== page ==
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Jan 04, 2013   |  2:42PM AET

Why not one national league?

Why not one national league?

Now that the A-League has matured, is it now time to retrospectively join the old NSL with the new A-League?

When the Hyundai A-League kicked-off in 2005 there was an unmistakable jump in standard in terms of the national league ‘product’, compared with the old National Soccer League (NSL) which was considered closed in 2004.

Measurable indicators such as crowds, TV ratings, player wages and expenses are all at levels much higher than ever seen in the old league.

When the A-League replaced the old NSL it caused angst with some fans of the old league, whose clubs could not afford to compete in a new competition whose bar was raised exponentially.

With only Adelaide United, Newcastle Jets and Perth Glory having the capital to continue their national league existence, many fans of the more established NSL clubs like Melbourne Knights, Sydney Olympic and Wollongong were naturally disappointed to not be a part of the new national set-up.

The re-birth of national league football in 2005 was however intentionally designed to break from the past.

Rightly or wrongly, the authorities of the time intentionally marketed the A-League as a fresh new competition when it was launched, distinct from the old NSL. The A-League, now in its eighth season, has been considered for most intents and purposes a separate competition to the NSL.

It followed from similar replacements of national leagues in countries such as the United States (MLS) and Japan (J-League) in the 1990s.

And with the A-League now running at a level way above anything we had in NSL days, the decision to symbolically break from the past looks to have been the right one.

Whether the on-field quality of the A-League is better than the NSL is debatable, but whatever the case, there can be little doubt that the standard of play has risen over recent years as the A-League ripens, and more higher-profile players join the competition.

Now that the A-League has matured, is it now time to retrospectively join the old NSL with the new A-League?

From 1977 to 2004 the NSL pitted the country’s biggest and best football clubs against each other annually on a national stage. Since 2005 the A-League continues to have the nation’s biggest and best football clubs up against each other annually on a national stage.

190 A-League players played in the NSL, 14 A-League coaches coached in the NSL, 20 A-League venues were used in the NSL, and 3 A-League clubs were former NSL clubs.

The inclusion of a New Zealand club in the A-League, and in the latter years of the NSL, also shows the similarity of the two competitions.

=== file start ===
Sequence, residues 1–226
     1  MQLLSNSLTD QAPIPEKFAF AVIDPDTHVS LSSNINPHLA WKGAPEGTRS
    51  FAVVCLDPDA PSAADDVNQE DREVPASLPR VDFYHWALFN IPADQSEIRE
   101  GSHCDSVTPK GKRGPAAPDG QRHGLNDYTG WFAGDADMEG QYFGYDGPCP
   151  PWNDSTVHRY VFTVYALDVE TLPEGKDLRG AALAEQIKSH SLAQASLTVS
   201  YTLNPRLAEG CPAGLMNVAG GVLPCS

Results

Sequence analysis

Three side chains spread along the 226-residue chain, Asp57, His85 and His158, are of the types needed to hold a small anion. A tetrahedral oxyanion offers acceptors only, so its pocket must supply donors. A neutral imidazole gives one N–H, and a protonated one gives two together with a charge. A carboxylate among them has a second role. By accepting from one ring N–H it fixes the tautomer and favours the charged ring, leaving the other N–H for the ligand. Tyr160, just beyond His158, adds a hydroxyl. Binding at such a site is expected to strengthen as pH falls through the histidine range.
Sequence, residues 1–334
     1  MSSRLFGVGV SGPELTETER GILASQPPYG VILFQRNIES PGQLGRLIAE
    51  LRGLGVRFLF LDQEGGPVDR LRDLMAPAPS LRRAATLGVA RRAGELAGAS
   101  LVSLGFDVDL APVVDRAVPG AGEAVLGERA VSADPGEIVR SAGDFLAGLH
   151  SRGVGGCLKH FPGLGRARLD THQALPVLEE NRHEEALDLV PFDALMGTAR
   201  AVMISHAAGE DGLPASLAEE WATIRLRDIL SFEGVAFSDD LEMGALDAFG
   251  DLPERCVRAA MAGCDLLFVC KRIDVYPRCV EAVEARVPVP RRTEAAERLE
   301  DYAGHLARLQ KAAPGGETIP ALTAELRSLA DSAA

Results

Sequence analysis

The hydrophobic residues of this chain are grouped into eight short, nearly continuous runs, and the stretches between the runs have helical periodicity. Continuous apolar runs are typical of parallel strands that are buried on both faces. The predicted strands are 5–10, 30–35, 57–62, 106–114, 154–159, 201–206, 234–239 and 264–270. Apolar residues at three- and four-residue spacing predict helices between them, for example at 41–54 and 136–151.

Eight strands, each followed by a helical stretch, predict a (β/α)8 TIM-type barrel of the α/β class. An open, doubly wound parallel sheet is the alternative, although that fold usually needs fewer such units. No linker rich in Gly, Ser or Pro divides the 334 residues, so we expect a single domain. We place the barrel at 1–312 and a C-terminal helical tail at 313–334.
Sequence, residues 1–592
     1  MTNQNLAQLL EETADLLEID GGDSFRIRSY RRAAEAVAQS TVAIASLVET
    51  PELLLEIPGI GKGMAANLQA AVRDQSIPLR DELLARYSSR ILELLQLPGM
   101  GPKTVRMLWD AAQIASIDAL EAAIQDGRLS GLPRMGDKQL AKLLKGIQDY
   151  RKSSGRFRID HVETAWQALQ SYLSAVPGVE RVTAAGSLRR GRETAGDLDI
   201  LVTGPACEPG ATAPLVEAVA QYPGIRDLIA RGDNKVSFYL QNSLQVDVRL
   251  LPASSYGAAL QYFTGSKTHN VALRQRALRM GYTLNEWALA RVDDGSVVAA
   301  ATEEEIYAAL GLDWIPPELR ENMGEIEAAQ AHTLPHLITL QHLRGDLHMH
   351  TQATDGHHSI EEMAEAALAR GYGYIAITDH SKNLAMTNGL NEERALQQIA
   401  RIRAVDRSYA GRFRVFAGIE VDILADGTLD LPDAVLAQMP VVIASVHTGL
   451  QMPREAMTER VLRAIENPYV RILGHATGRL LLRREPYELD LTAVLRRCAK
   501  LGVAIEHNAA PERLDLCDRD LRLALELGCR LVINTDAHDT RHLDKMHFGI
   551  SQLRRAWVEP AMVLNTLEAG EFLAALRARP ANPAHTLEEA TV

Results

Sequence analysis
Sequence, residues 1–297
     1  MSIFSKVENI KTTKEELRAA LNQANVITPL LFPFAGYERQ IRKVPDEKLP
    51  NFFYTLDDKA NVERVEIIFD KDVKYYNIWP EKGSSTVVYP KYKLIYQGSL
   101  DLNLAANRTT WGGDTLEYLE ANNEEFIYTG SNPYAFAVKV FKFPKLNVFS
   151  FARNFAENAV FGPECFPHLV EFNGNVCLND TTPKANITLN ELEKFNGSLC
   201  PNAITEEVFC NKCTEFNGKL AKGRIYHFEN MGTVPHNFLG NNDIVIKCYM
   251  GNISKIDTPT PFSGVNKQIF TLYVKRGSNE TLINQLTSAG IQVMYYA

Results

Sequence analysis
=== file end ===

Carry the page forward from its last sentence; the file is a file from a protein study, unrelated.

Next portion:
In many ways therefore the A-League represents a continuation of the NSL.

So why not now consider the A-League and the NSL one continuous competition?

The most symbolic way of doing this would be to formally merge the histories and statistics of the A-League with the NSL.

This would help put a lot of things into perspective.

Instead of making the point that Melbourne Victory, Sydney FC and Brisbane Roar are the most successful A-League teams, each with two Championships to their names, make the official record books highlight that it is actually South Melbourne, Marconi and Sydney City that are the most successful Australian national league teams, with four Championships apiece.

Surely only when the Victory, Sydney FC and the Roar get to four Championships should they be mentioned in the same breath as South Melbourne, Marconi and Sydney City as being the all-time best clubs in the country.

While Matt Thompson gets the accolades as the league’s most experienced player, with 190 A-League appearances (after Round 14), it is still way way behind the NSL’s longest stalwart Alex Tobin, who notched up 522 NSL appearances.

And in the goalscoring department, Shane Smeltz’s A-League record of 68 goals is impressive, but does it really compare with Damian Mori’s combined NSL and A-League tally of 240 goals?

Merging the NSL and A-League stats does not mean devaluing the achievements of the current clubs, and their players and coaches.
In fact, combining these records would enhance the credentials of these teams and individuals.

For example, instead of the record books highlighting that Clint Bolton is the A-League’s most experienced goalkeeper with 179 appearances, if we include Bolton’s NSL record of 300 matches we can just as easily say that the Melbourne Heart custodian has played an enormous 479 Australian national league matches (after Round 14).

And not only does merging NSL and A-League history enrich the achievements of current players, it would better acknowledge the great clubs and players of the past.

When the NSL took the risky step of being the first football code in the country to go national in back in 1977, it took football in Australia to a new level and laid the foundation for the A-League to get to where it is today.

The bold formation of the NSL 36 years ago also set the scene for a new dimension to Australia’s major sporting competitions – the national stage.
It’s now time to acknowledge the NSL by simply considering as part of the A-League, not just as its predecessor.

Follow Andrew Howe-s Aussie football stats updates on Twitter @AndyHowe_statto